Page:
Rojas, the goalkeeper for the Chilean team at the time, was preparing for the 1990 World Cup. During a crucial qualifying game against Brazil in 1989, with Chile needing a win to advance, they found themselves trailing by a goal. A distressing incident occurred approximately 20 minutes before the match concluded at the Maracana Stadium when a flare was thrown onto the pitch. Rojas fell, purportedly struck by the firework, resulting in a bloody head injury.

Subsequently, Rojas was carried off the pitch on a stretcher, and his teammates left the field, citing unsafe playing conditions. As investigations unfolded, video evidence contradicted the apparent impact of the flare on Rojas. It was revealed that the fireworks never actually touched the goalkeeper.

Further scrutiny uncovered that Rojas had self-inflicted the bloody injury using a razor concealed in his glove. Instead of replaying the match, FIFA awarded Brazil a 2-0 victory, which consequently led to Chile’s disqualification from the 1990 World Cup.

The repercussions extended beyond the disqualification. Chile was then banned for one tournament, resulting in their absence from the 1994 edition in the US. Rojas faced a lifelong ban, as did the team doctor and coach involved in the scandal.

5. Myanmar (2006)

Myanmar, previously known as Burma, is an Asian nation that has not qualified for the World Cup since gaining independence from the United Kingdom. However, this did not prevent FIFA from imposing a ban on them.

In 2002, they were slated to participate in a World Cup qualifying match in Iran but decided to withdraw. Consequently, FIFA imposed a £20,000 fine and banned Myanmar from competing in the 2006 World Cup held in Germany. Notably, this was the third instance of the country withdrawing from qualification, leading to FIFA’s strict action.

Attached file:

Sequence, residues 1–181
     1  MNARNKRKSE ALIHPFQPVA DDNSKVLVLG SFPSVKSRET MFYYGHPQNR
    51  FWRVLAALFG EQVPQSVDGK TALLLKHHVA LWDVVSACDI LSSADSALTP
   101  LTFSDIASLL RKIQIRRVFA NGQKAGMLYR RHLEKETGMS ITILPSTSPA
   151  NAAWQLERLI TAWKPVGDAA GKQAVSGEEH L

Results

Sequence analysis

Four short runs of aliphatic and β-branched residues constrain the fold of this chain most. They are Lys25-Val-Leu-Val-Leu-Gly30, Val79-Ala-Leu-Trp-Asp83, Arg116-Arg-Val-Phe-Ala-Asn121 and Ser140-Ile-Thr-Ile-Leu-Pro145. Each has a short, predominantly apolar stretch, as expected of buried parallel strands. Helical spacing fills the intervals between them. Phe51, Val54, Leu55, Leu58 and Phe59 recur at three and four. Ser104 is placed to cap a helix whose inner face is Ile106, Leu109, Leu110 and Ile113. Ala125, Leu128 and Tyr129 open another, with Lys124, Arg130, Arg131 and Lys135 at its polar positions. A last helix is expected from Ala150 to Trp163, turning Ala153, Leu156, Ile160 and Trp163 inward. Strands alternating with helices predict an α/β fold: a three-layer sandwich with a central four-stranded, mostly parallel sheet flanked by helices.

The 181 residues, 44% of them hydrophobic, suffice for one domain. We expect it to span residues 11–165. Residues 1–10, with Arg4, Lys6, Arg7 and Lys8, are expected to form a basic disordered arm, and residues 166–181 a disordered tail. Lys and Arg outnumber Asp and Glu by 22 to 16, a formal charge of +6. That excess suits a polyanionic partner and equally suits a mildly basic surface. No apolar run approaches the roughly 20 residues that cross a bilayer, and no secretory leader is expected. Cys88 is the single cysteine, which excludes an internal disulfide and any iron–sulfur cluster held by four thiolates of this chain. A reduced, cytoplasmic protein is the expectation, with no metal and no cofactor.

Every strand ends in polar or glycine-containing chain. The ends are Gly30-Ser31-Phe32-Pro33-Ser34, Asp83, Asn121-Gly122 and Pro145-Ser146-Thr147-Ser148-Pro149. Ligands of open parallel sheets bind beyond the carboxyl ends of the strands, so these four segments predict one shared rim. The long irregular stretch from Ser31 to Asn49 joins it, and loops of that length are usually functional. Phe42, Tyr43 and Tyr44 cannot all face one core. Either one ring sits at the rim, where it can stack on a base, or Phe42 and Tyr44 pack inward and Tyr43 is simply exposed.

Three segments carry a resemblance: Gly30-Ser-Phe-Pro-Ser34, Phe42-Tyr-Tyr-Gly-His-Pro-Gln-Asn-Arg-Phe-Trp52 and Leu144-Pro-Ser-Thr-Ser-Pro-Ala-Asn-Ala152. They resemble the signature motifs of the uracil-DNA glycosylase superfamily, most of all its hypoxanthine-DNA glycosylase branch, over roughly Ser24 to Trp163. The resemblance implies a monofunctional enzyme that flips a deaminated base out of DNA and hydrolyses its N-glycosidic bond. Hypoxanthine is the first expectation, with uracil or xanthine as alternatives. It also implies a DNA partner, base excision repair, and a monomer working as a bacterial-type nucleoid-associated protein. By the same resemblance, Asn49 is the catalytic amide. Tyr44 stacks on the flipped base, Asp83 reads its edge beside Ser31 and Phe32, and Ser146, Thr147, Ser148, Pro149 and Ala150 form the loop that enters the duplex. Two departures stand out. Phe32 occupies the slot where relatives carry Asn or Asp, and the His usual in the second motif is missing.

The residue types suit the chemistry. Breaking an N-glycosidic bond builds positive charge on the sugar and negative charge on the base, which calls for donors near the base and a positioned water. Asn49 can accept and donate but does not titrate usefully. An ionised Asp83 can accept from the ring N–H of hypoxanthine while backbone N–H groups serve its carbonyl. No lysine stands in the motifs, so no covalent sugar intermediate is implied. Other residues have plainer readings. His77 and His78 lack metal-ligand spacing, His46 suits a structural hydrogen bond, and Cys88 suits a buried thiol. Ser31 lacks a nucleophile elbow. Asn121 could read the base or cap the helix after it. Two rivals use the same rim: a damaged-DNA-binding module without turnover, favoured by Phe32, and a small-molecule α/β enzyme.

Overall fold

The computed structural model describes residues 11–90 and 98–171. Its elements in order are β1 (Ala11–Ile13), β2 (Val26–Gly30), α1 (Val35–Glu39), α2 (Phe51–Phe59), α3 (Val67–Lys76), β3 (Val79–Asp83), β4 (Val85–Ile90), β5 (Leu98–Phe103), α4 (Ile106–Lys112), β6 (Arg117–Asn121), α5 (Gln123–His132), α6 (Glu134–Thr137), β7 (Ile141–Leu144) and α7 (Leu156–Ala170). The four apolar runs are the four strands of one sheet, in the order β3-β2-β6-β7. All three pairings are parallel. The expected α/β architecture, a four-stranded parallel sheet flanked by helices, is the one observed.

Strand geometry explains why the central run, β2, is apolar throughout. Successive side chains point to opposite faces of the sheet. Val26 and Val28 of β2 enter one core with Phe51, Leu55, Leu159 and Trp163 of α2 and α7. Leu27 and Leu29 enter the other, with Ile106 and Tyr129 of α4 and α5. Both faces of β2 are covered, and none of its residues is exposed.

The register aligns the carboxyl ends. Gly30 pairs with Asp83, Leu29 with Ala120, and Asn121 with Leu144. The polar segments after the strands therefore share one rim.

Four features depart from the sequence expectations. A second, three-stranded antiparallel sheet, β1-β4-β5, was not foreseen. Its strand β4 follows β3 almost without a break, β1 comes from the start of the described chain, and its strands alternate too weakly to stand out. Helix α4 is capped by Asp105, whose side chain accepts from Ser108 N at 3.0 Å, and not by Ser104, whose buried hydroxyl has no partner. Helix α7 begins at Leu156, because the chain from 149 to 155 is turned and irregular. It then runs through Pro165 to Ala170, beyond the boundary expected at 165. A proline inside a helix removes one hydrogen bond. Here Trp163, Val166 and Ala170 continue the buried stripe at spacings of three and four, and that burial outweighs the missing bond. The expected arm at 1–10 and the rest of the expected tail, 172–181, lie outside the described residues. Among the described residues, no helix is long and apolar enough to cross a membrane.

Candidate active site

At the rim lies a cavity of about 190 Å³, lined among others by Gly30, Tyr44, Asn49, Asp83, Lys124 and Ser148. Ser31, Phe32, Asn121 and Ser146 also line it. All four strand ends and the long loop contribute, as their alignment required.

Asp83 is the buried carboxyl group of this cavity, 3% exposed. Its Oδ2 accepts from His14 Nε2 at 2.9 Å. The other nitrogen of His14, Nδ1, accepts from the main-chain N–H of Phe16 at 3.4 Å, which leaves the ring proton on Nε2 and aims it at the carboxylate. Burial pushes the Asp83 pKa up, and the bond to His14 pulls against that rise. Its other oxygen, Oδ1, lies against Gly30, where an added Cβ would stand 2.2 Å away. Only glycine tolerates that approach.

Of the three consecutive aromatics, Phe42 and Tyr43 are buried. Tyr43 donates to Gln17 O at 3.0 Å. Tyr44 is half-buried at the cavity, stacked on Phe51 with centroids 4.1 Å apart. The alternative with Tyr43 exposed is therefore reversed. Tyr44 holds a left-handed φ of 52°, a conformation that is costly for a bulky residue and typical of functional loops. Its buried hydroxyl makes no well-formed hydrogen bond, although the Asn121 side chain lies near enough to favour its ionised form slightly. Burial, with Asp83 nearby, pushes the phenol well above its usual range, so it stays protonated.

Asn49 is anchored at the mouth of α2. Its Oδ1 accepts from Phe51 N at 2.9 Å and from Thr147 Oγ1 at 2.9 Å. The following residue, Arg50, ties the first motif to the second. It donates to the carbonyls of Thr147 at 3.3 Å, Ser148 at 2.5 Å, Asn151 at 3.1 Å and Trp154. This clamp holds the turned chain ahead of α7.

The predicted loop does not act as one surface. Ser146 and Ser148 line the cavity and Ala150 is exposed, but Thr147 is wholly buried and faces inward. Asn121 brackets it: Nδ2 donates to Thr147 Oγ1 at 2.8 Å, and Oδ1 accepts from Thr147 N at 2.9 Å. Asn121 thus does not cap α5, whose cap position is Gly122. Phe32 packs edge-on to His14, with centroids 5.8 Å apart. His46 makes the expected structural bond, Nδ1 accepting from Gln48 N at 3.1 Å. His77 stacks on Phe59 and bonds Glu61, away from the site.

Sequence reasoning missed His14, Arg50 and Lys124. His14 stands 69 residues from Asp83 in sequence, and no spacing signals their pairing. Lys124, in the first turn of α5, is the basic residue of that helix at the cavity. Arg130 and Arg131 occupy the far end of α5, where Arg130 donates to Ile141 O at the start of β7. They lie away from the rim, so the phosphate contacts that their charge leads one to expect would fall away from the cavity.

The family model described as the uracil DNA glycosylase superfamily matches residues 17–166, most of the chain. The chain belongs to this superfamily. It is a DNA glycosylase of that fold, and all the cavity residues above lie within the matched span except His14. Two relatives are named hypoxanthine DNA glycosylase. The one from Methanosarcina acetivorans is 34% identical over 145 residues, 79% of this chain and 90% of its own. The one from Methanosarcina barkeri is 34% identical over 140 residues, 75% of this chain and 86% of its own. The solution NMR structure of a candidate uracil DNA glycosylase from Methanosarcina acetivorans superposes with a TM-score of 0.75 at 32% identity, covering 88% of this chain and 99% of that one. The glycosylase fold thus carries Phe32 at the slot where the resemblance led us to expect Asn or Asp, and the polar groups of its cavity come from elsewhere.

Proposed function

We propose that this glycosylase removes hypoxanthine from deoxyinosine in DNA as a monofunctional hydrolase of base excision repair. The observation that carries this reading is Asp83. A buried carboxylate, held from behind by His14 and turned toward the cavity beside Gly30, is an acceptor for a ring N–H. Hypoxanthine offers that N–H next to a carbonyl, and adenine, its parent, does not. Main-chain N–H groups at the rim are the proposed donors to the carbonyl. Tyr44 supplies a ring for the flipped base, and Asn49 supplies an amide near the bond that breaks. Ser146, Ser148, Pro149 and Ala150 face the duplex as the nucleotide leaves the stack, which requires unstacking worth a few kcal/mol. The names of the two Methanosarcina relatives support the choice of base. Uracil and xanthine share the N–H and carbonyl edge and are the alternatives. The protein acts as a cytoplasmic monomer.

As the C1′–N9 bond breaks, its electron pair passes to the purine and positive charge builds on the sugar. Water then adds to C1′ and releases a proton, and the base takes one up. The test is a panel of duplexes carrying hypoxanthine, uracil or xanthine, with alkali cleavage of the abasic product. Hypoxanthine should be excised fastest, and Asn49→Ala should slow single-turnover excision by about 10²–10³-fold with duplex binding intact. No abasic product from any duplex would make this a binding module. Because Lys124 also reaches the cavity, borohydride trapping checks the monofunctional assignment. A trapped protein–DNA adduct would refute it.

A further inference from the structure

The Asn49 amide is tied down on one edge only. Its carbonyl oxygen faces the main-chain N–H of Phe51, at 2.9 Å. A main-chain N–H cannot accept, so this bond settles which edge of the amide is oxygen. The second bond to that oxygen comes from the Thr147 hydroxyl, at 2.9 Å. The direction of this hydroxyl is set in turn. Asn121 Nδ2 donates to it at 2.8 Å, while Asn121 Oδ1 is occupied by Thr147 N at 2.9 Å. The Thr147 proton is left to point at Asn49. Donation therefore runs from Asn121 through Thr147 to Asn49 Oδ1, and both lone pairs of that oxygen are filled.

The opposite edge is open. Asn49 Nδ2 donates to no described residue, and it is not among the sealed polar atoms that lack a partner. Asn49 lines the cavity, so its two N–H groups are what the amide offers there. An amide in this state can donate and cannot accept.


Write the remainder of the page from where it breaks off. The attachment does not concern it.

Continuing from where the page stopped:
Since the imposition of that fine and ban, Myanmar has consistently participated in qualifiers without further withdrawals. Despite their ongoing efforts, they have yet to secure qualification for the World Cup tournament itself. Nevertheless, it’s evident that these bans have had an impact, compelling Myanmar to participate in the qualifiers without pulling out.

6. Russia, 2022

This particular incident is indeed widely recognized. After the invasion of Ukraine, Russia faced extensive isolation from much of the international community, and the world of football felt the substantial effects.

A Russian club owner was essentially compelled to leave the UK, while Russian football clubs were promptly expelled from European competitions. Additionally, the location for the Champions League final, originally planned to be held in Russia, was relocated. Notably, all Russian national teams were suspended by FIFA.

Russia, having already advanced to the playoffs and being merely two games away from securing their participation in their third consecutive World Cup, were effectively removed.

7. Ecuador, 2022

At present, this situation has not been formally confirmed, but it is being included here because there’s a strong possibility it could occur. Ecuador, having already secured qualification for the 2022 World Cup in Qatar, might face a ban from participating.

The controversy revolves around a defender named Byron Castillo, whose actual age remains uncertain. In 2017, Castillo faced suspension from the Ecuadorian national team due to allegations of falsifying his birth documents.

Following investigations in April 2021, Castillo’s Ecuadorian nationality was verified, permitting him to represent the country. However, the following month, Chile complained to FIFA, asserting that Castillo was born in Colombia in July 1995, contradicting the documentation stating his birth in Ecuador in November 1998. 

After approximately a month’s scrutiny, FIFA dismissed Chile’s complaint in June, affirming Ecuador’s position in the World Cup.